On the flight back from CIM this weekend I must have had 20 different thoughts and ideas go through my head as I tried to come to figure out the many things that enabled me to PR this weekend. One of them is definitely patience, as I was reading Run to Overcome by Meb Keflezighi. The relevant excerpt from his book is below (I recommend buying the book if you want to get whole excerpt and of course all the other great things in the book):
Meb: “I need to be doing what you are doing,”
Tergat: “Put in the time” “You’ve got to gradually increase your training … I could give you my workouts, and you might be able to hang with me for a day or a week, but eventually you would break down …”
I doubt I can say it any better. Here are two extremely talented individuals discussion something which is probably one of the greatest pitfalls for us more average runners run into. Getting fitter takes time and patience, and to be honest as you get fitter the patience, time and effort required to keep seeing incremental gains continues to grow.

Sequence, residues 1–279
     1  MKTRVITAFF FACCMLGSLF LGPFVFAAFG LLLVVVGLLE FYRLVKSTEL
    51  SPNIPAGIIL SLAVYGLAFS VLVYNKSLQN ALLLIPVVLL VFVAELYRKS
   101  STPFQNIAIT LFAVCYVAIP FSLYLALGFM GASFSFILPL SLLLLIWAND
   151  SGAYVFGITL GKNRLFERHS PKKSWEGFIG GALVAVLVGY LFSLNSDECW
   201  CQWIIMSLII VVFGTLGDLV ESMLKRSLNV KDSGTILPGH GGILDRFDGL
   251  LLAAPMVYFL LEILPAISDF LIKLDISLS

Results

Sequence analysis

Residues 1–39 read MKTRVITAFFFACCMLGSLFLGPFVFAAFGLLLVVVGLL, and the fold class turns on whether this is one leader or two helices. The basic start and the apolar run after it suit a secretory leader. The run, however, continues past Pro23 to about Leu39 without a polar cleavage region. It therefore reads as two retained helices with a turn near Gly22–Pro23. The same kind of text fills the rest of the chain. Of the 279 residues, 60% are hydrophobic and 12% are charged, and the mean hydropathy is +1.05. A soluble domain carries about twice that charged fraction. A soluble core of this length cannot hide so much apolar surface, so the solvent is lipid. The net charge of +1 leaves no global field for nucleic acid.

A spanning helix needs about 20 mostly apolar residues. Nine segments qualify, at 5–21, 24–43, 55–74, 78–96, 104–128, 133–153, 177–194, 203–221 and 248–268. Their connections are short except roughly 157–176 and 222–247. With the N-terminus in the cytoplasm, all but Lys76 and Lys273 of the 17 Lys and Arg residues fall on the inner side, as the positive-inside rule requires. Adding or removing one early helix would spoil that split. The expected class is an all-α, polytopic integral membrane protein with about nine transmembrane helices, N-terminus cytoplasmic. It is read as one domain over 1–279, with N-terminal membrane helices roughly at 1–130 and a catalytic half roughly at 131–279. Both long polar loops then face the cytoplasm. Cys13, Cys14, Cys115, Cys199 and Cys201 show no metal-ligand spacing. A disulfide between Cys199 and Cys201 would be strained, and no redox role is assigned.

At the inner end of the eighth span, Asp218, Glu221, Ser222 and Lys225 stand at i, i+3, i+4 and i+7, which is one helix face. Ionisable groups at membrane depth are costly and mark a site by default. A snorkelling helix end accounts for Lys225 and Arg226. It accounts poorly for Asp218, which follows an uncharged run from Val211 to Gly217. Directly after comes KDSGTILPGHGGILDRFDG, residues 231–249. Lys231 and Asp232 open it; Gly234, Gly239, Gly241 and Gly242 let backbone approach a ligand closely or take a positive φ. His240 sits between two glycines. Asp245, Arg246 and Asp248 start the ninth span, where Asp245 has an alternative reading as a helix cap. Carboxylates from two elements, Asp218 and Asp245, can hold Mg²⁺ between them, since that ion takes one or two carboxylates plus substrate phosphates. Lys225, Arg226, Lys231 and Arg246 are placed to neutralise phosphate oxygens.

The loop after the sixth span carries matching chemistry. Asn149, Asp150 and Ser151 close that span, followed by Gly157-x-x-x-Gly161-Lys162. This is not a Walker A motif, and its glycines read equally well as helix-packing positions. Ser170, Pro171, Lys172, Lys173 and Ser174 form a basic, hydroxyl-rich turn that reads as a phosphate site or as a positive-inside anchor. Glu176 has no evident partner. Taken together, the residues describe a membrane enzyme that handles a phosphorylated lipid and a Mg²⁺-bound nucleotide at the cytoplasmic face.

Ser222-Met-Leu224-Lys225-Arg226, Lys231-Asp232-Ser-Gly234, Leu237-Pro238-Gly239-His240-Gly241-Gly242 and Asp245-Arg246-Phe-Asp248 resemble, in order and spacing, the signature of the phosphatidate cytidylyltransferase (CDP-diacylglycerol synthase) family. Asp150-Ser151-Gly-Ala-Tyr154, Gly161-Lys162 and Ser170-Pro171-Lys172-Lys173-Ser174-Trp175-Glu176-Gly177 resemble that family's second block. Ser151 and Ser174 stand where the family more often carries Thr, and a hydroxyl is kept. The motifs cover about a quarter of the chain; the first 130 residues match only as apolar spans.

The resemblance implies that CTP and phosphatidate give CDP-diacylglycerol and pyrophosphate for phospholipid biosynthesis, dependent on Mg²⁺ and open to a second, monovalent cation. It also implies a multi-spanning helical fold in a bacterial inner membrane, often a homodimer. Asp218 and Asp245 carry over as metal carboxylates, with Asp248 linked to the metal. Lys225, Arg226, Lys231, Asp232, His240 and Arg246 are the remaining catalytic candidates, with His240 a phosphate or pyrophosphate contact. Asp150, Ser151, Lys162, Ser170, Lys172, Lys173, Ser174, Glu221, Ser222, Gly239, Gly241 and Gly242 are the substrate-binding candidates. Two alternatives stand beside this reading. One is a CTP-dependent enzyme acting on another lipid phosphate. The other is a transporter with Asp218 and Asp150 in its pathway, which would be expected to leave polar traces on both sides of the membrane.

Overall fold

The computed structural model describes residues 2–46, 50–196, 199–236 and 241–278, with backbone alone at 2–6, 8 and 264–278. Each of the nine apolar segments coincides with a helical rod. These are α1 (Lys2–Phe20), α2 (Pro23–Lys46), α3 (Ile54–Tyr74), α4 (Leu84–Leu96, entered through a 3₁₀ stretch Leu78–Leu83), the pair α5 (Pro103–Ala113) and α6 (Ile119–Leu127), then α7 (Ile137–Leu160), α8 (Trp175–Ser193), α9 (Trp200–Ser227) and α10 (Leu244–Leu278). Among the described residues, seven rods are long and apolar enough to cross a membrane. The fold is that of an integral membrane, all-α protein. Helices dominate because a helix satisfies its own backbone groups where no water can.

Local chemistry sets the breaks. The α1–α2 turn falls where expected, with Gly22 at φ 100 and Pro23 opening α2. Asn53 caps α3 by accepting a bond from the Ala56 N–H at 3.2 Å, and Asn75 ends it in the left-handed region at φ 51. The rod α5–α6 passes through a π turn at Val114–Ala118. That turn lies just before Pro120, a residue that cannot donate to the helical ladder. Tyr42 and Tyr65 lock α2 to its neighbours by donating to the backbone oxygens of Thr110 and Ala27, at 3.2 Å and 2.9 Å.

The most common and most detrimental issue I’ve observed over the last two years lead to injury is when different element of an individual’s fitness don’t match up. After training consistently for a while I might find that my aerobic fitness has improved greatly, it’s “easy” for me to run 10 to 20 seconds faster a mile on every run. My breathing isn’t labored, I don’t feel tired during the day and so on. The problem comes in if my tendons, soft tissues and muscles haven’t caught up to my aerobic fitness. Maybe I need more strength in my hips, my quads, my feet … wherever the weakness might be running 20 seconds faster a mile will increase the pressures on these areas drastically. So there’s a good chance I’ll get injured, won’t be able to run and then lose some of the aerobic fitness I’ve spent so much time building. This has to be the most frustrating situation to be for a runner so it’s understandable that our impatience gets the better of us. The question each of us have to answer is what is the risk and can we just wait 6 months and what can we do to accelerate the development of the other half of our fitness. Maintaining this fine balance between the different things that all need to be in relative harmony to perform well is what makes training over the long-term an art and a science. In the end I know that consistent training over the long haul is more beneficial than spurts of focused training with forced injury in between … so be patient, stay balanced, YOU WILL GET FASTER.